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MARCH 2015
The Canadian Business Journal
changes. I’ve been pursuing this for 15 years but
there’s never a Bill written on it. It gets to the point
where guys are unwilling to travel because they
can’t write off those basic living expenses,” he says.
First Nations & Women
The two areas Telford admits have remained rel-
atively untapped as far as recruiting tradespeople
are women and First Nations.
“We have to get the message out to women
that they are more than welcome in the trades.
The job site has changed. It’s not like it was 15
years ago. They’ve done exceptionally well on the
welding side and a number of successful female
electricians. We want to improve in getting more
women engaged. The other area we are con-
scious about doing a better job for is First Nations.
We are not going to change our standards to let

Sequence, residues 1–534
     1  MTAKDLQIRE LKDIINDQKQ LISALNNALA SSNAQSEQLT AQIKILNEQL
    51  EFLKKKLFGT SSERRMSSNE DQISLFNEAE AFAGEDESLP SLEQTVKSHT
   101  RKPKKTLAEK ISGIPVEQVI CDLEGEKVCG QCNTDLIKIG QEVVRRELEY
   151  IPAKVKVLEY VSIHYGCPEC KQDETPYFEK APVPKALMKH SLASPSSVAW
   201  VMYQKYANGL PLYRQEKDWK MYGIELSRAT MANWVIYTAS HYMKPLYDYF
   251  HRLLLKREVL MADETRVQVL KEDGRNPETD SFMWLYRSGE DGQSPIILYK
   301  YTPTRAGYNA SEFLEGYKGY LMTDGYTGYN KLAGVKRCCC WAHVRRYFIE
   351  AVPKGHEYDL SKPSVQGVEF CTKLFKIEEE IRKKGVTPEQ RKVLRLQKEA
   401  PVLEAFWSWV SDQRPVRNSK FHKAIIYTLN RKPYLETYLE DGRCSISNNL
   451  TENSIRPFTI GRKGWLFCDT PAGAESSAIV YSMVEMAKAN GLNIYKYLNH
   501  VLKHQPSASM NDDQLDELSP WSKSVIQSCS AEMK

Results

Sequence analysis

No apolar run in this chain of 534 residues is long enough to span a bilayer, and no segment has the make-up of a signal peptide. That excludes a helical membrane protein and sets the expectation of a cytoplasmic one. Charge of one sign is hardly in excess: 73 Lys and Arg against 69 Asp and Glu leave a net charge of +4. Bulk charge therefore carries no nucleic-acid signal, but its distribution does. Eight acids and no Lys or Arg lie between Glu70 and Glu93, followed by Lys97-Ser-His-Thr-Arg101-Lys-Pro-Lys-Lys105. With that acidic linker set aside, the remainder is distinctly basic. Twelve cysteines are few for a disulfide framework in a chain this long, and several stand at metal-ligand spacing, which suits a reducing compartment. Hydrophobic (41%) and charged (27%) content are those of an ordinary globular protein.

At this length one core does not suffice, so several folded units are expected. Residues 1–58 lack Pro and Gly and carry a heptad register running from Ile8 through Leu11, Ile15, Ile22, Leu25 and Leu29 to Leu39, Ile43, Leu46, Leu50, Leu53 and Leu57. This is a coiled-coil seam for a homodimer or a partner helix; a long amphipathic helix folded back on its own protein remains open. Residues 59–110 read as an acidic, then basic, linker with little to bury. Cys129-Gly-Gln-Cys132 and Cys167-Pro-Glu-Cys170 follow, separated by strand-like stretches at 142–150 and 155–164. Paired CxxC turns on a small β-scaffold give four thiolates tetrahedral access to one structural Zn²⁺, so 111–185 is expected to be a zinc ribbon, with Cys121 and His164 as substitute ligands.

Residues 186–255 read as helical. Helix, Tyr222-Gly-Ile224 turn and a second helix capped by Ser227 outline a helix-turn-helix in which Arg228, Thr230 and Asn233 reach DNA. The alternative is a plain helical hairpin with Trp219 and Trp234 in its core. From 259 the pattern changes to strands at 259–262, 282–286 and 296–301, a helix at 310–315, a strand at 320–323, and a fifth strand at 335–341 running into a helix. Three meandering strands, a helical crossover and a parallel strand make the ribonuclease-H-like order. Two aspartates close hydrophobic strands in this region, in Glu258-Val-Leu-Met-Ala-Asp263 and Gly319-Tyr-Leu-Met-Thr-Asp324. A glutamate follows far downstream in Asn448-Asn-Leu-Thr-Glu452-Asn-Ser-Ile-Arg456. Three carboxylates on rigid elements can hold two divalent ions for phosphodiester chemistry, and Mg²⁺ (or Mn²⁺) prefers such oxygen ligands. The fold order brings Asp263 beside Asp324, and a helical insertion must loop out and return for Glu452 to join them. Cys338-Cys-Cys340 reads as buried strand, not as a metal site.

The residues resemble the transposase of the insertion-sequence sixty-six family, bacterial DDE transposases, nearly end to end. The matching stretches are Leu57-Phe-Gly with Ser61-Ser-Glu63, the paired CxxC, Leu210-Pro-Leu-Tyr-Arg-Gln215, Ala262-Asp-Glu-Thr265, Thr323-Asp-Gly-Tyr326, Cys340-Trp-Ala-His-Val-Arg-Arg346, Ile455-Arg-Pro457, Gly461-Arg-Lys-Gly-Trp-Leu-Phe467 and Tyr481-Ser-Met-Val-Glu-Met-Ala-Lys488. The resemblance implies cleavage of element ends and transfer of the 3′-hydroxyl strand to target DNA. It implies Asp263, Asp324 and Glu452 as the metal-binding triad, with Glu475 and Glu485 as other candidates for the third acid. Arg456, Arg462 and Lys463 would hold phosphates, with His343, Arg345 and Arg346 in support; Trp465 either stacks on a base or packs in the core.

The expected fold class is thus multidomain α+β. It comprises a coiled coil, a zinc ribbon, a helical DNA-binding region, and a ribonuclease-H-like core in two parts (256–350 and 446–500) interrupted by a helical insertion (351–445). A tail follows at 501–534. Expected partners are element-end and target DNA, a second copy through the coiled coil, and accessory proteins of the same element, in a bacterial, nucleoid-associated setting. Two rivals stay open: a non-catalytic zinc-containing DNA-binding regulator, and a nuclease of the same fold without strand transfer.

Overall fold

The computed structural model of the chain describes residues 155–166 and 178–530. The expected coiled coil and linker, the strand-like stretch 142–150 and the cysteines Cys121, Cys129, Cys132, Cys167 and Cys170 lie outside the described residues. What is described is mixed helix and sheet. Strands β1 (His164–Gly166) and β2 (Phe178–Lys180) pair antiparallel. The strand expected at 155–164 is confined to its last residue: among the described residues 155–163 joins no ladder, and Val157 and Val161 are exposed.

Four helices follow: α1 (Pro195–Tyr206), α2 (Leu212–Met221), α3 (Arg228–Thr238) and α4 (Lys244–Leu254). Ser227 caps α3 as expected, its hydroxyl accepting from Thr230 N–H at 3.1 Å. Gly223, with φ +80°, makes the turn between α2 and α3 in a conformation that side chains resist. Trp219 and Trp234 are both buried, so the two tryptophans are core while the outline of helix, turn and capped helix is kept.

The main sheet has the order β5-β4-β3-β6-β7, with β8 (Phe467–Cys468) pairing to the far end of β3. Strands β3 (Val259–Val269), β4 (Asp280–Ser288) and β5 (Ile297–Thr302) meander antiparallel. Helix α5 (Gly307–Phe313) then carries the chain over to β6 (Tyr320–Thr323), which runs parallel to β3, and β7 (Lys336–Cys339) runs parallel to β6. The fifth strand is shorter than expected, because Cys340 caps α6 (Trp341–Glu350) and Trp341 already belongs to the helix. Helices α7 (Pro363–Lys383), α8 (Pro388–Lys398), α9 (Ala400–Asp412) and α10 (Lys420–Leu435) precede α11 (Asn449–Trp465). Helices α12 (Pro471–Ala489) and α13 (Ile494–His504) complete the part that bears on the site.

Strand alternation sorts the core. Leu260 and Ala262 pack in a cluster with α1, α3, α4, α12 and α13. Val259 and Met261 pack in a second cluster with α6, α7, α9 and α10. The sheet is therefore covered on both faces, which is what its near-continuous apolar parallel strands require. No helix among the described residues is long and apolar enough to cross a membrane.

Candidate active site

people in, but the opportunity is there, we want to
embrace female and 1st nations.”
The UA pays for a program in Edmonton called
Trade Winds whereby the union bring 16 to 20
First Nations applicants into the union hall where
they are put on a six to eight-week program to
show them a bit about each and every trade. At
the end of program, each individual’s strengths will
be assessed to where they are best suited to be a
crane operator, or a welder as example.
“We attempt to get them out to the unions
and we don’t get paid for that,” Telford reveals.
“We’ve had classes go through 16 or 18 students
1...,35,36,37,38,39,40,41,42,43,44 46,47,48,49,50,51,52
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